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James Wei

James Wei

Pomeroy and Betty Perry Smith Professor of Chemical Engineering Emeritus
Dean Emeritus of the School of Engineering and Applied Science

B.S., Georgia Institute of Technology, 1952
M.S., Massachusetts Institute of Technology, 1954
Sc.D., Massachusetts Institute of Technology, 1955

Room: ACE33 Engineering Quad
Phone: 609-258-5618
Email: jameswei@princeton.edu

Honors and Awards

  • Founders Award, American Institute of Chemical Engineers, 1990
  • Warren K. Lewis Award, American Institute of Chemical Engineers, 1985
  • American Academy of Arts and Sciences, 1982
  • Academia Sinica, 1982
  • William H. Walker Award, American Institute of Chemical Engineers, 1980
  • National Academy of Engineering, 1978
  • Professional Progress Award, American Institute of Chemical Engineers, 1970
  • Petroleum Chemistry Award, American Chemical Society, 1966

Publications

Research Interests

I am interested in shape selective separation with zeolites and nanoporous materials. I am also interested in molecular structure-property relations, especially its relation to product engineering.

Shape Selective Separation. Zeolites are silica-alumina crystals that have pores with extremely precise diameters from 4 to 13 Angstroms, and they have been used industrially to separate molecules that have almost the same physical and chemical properties, but have different shapes, such as normal from branched paraffins, and o-xylene from p-xylene. MCM-41 is a new class of porous material that have precise and tunable diameters from 25 to 100 Angstroms. This range of pore diameters put them in the range for separation of drug molecules up to 400,000 in molecular weights. We have developed methods to compute the activation energies required to squeeze and to distort a molecule to enter a zeolite channel. We are compiling a large database of activation energies between many molecule-channel pairs, and investigating their potential use to design separation processes for the chemical and the pharmaceutical industries.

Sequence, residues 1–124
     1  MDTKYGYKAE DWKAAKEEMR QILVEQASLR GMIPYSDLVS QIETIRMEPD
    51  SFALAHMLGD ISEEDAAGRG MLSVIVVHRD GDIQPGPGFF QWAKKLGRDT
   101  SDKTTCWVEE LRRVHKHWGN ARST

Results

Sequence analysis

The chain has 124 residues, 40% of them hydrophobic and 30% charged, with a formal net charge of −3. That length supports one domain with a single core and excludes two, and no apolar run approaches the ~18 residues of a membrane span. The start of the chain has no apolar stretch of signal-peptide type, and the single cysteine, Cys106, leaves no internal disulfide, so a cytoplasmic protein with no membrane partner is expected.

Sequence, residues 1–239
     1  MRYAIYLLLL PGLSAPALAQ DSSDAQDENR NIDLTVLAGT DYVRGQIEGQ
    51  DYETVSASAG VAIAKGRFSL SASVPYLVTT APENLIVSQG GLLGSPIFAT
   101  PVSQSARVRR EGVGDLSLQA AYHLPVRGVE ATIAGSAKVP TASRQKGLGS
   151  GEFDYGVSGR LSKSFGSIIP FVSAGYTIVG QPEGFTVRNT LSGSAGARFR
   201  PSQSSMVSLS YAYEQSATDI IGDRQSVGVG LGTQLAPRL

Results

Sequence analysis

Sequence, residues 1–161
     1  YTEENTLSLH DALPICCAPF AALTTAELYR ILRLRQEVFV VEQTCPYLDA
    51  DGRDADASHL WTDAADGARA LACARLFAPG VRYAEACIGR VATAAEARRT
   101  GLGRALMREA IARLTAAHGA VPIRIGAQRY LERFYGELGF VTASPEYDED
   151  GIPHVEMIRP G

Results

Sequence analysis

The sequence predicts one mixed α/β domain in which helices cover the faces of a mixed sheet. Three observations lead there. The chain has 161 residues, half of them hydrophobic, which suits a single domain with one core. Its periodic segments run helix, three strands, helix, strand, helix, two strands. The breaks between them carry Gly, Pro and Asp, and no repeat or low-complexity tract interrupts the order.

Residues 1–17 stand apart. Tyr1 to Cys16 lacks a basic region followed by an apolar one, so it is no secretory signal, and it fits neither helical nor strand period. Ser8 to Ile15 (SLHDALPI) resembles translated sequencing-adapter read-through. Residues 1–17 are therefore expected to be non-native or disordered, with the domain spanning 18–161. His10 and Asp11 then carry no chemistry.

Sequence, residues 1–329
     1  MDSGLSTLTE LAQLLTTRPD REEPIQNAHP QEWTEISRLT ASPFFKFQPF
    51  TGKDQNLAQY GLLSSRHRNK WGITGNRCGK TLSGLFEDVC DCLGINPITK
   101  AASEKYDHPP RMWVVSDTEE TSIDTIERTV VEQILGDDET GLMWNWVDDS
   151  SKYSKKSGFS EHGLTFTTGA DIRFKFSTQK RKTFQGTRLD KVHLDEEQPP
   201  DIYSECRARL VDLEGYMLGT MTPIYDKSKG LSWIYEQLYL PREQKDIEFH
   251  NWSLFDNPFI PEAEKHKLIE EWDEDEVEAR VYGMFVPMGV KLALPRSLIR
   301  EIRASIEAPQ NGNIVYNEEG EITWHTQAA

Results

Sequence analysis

Melting points and molecular symmetry. The strength of internal cohesive energies of molecules comes from van der Waals forces, and gives rise to many important molecular properties including: density, boiling point, melting point, the constant "a" in van der Waals equation of state, surface tension, light refractive index, and many others. Rod shaped molecules such as pentane package better than Y shaped molecules such as isopentane, which package better than tetrahedral molecules such as neopentane. This explains why the densities of the three molecules are in the order of pentane > isopentane > neopentane, and so are their boiling points. But the melting point of neopentane is 150 degrees centigrade higher than the other two. The melting point of methane is actually higher than that of ethane, which is higher than that of propane. When a methyl group is added to benzene, the boiling point goes up but the melting point plunges down.

The reason behind these anomalies is molecular symmetry, which can be described by the symmetry number σ, which is studied by group theory. A molecule that has a high symmetry, such as methane and benzene where σ = 12, the entropy in the melt is decreased by an amount equal to Rln(σ) compared to an asymmetrical analog molecule. Since the enthalpy of melting is related to the entropy of melting and the temperature of melting by the equation Tm = ΔHm/ΔSm, a change in symmetry that reduces ΔSm without affecting ΔHm will cause Tm to increase. That is to say that a symmetric molecule will have a higher melting point than an asymmetric analog molecule, because it has a lower entropy in the melt.